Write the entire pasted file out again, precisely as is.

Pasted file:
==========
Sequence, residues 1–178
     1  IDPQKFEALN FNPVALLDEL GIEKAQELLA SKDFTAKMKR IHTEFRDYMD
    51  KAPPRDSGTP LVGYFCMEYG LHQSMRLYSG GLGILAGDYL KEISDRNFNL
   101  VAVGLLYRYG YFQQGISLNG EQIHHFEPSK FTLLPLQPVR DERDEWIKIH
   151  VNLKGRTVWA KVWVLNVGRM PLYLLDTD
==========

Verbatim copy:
Sequence, residues 1–178
     1  IDPQKFEALN FNPVALLDEL GIEKAQELLA SKDFTAKMKR IHTEFRDYMD
    51  KAPPRDSGTP LVGYFCMEYG LHQSMRLYSG GLGILAGDYL KEISDRNFNL
   101  VAVGLLYRYG YFQQGISLNG EQIHHFEPSK FTLLPLQPVR DERDEWIKIH
   151  VNLKGRTVWA KVWVLNVGRM PLYLLDTD